The evidence at Herron's trial substantially conformed to the facts set out above. The State also admitted an audiorecorded conversation between Herron and his mother, made while Herron was in jail. In that conversation, Herron told his mother that she had made a mistake by talking to police; that he had a "nice little story" he could have told them; and that he was aware other individuals were telling the police about him. The transcript of the conversation is not contained in the record on appeal, and, although the audiotape is, it is very difficult to understand the substance of what was said.
The defense proceeded on a theory that the group in the van had no preconceived intent to shoot at the Jacksons' house, that Herron was unarmed, that the Jacksons fired on the van first, and that the three armed men in the van fired back. The defense presented evidence that there was a bloody black t-shirt and a bloody towel at the Jacksons' house after the shooting and that there was a box of ammunition across the street that Eric must have hid when he left the scene. It suggested either that there was no television in the Jacksons' basement or that it was turned off when police arrived, implying Deborah's husband had lied about what he was doing when the shooting occurred. Herron did not testify.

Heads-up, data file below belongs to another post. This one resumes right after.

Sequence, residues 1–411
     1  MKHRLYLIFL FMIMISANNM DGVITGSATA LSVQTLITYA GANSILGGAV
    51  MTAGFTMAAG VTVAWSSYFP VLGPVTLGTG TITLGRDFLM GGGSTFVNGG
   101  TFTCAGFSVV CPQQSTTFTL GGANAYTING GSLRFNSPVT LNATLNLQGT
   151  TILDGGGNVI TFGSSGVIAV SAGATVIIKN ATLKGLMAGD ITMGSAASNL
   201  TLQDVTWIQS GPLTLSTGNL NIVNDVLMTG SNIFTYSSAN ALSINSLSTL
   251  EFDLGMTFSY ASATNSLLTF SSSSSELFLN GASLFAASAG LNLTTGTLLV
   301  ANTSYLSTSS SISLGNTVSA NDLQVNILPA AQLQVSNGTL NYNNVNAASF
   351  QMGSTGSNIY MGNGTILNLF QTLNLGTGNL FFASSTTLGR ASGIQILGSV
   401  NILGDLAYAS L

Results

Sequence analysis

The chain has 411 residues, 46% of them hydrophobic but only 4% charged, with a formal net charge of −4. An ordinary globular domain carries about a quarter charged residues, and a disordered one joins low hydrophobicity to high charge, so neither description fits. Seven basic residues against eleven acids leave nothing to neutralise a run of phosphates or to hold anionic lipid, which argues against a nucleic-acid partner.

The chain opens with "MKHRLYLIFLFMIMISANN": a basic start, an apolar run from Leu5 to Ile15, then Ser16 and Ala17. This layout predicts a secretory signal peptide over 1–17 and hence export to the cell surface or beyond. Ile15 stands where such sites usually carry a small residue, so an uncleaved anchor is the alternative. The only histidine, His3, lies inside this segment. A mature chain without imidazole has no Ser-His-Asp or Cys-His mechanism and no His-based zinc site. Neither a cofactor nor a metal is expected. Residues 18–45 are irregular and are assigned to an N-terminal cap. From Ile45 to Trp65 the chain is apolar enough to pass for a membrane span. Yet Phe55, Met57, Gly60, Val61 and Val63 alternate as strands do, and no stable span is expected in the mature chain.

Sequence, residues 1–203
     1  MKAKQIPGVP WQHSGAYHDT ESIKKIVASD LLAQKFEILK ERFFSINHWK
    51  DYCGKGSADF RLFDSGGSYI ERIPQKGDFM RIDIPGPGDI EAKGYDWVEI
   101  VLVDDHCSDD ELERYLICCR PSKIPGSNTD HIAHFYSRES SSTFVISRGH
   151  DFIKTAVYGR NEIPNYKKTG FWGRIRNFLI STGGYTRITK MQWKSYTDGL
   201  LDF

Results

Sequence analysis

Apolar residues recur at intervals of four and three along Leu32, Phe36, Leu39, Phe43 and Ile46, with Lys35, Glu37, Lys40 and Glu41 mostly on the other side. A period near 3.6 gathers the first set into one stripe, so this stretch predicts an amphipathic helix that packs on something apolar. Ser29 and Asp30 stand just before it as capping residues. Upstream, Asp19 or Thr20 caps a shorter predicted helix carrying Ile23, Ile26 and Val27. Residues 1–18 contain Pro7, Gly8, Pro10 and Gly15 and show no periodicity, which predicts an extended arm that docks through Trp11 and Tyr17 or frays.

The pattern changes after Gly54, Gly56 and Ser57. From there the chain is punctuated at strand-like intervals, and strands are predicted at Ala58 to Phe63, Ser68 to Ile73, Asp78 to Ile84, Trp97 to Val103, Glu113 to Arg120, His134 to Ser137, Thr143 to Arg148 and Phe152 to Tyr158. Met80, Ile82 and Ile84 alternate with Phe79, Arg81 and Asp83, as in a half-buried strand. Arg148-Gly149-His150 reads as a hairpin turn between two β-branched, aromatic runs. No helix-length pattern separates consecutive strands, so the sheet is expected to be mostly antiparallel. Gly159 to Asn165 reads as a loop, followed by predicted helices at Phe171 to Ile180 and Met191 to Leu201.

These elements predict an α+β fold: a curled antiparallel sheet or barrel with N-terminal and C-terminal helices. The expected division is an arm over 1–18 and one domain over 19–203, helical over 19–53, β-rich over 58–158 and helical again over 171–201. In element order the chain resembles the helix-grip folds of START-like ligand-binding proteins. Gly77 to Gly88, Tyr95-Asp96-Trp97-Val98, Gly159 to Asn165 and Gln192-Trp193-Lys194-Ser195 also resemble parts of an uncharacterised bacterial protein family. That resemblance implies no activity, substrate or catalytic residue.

The jury was instructed on criminal discharge of a firearm at an occupied dwelling, conspiracy to commit criminal discharge of a firearm at an occupied dwelling, and first-degree felony murder based on the underlying felony of criminal discharge of a firearm at an occupied dwelling. The jury was also given an aiding and abetting instruction. Herron requested no additional instructions.